A cyber attack targeting the British Library has led to a leak of employee data, the institution said.
The Rhysida ransomware group has claimed it has access to passports along with other data files.
The group said it has started bidding in an auction for access at 20 bitcoin (around £600,000) on an online site.
The British Library, which has one of the largest book collections in the world, previously reported that a “major technology outage” had hit online services, public wifi at the site and its website.
It said in October that the National Cyber Security Centre (NCSC) and cybersecurity specialists were investigating.
On Tuesday, an NCSC spokesperson said: “We are working with the British Library to fully understand the impact of an incident.
“Ransomware is the key cyber threat facing the UK, and all organisations should take immediate steps to limit risk by following our advice on how to put in place robust defences to protect their networks.”
The British Library, near St Pancras railway station, remains open and visitors can access the reading rooms for personal study.
On Monday, the library posted a statement to X confirming internal HR files had been leaked.
It said: “We’re continuing to experience a major technology outage as a result of a cyber-attack, affecting our website, online systems and services, and some onsite services too.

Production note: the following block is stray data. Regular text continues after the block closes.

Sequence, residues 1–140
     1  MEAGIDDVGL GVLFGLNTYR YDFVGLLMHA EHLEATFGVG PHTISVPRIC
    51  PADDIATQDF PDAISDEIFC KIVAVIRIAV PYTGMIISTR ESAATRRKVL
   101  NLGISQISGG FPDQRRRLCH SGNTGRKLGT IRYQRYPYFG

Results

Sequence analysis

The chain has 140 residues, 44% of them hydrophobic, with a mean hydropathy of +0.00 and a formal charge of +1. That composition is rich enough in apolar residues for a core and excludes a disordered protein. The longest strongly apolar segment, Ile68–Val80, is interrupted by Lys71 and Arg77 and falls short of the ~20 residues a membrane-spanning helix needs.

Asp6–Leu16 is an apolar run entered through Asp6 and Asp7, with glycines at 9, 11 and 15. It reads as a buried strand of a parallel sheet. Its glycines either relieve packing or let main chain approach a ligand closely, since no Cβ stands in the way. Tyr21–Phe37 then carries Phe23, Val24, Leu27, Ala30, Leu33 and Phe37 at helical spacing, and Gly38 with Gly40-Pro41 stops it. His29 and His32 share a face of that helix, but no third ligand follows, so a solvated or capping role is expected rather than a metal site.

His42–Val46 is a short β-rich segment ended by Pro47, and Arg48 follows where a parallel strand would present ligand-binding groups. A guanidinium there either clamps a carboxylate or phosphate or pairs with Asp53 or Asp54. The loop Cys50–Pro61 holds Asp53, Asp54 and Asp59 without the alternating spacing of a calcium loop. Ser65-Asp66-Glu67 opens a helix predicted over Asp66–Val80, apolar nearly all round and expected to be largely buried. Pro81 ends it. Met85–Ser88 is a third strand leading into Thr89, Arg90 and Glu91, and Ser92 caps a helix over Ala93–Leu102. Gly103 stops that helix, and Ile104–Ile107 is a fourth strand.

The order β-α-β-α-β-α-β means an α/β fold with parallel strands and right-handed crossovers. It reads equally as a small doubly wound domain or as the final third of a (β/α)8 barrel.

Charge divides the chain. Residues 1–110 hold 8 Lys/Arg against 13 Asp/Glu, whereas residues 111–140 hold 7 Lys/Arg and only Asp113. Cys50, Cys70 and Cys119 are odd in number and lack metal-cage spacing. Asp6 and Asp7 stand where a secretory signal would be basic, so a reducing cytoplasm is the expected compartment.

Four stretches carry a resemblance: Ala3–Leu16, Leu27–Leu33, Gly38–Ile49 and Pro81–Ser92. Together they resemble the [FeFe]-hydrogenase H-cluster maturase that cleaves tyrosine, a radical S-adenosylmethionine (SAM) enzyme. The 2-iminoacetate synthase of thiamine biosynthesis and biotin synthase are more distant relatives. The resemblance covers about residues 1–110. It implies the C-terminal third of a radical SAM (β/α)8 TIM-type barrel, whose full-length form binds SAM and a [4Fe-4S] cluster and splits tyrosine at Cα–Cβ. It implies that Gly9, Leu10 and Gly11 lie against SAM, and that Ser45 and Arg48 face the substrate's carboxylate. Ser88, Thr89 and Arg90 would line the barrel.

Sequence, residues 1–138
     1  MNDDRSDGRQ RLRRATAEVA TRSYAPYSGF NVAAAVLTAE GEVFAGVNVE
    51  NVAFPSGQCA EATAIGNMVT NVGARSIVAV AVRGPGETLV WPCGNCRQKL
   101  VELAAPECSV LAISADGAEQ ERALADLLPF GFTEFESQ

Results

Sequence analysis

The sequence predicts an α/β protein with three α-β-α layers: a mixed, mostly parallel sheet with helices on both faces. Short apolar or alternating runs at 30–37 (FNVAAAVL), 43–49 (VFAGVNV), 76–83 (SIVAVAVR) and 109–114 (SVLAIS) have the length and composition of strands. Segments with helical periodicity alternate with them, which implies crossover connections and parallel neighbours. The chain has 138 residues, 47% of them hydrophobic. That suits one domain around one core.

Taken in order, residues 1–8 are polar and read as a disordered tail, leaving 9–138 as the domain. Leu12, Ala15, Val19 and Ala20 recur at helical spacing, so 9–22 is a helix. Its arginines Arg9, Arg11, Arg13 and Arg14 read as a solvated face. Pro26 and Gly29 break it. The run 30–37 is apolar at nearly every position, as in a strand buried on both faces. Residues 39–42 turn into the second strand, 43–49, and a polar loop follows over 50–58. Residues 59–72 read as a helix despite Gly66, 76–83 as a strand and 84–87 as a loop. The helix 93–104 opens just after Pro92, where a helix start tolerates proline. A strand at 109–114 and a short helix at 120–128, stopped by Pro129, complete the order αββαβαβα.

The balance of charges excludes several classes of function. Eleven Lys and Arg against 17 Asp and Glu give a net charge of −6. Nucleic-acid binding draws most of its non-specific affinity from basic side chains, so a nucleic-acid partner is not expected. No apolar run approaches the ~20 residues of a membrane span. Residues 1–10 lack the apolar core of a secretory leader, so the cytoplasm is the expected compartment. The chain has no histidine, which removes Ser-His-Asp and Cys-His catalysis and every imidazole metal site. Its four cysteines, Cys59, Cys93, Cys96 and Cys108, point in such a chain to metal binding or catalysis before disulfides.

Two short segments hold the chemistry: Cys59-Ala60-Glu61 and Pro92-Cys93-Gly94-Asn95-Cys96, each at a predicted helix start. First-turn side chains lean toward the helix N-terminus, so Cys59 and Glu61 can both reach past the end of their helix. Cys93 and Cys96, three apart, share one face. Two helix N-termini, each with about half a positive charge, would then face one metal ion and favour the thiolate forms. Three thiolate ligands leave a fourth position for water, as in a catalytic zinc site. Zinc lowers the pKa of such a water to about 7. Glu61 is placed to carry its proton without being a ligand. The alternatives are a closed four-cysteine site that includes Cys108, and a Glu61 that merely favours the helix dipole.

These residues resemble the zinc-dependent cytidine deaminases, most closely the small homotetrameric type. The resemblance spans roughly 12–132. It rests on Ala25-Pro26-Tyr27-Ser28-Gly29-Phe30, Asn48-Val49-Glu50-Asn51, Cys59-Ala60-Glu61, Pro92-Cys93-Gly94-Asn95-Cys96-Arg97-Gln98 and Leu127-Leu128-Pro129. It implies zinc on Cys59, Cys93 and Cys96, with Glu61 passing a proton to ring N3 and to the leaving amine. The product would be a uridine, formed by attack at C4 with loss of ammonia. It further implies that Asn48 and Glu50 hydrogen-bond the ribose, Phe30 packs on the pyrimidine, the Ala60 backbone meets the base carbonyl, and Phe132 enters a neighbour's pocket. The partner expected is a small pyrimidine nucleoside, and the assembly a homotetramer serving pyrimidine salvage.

“We anticipate restoring many services in the next few weeks, but some disruption may persist for longer.
“Following confirmation last week that this was a ransomware attack, we’re aware that some data has been leaked. This appears to be from our internal HR files.
“We have no evidence that data of our users has been compromised.”
The Information Commissioner’s Office (ICO), the UK’s data protection watchdog, has confirmed it is looking into the breach.
An ICO spokesperson said: “The British Library reported an incident to us and we are making inquiries.”
Last week, the Federal Bureau of Investigation (FBI), Cybersecurity and Infrastructure Security Agency (CISA), and the Multi-State Information Sharing and Analysis Centre (MS-ISAC) warned about Rhysida.
In a joint statement they said the group has launched attacks “against the education, healthcare, manufacturing, information technology, and government sectors since May 2023”.
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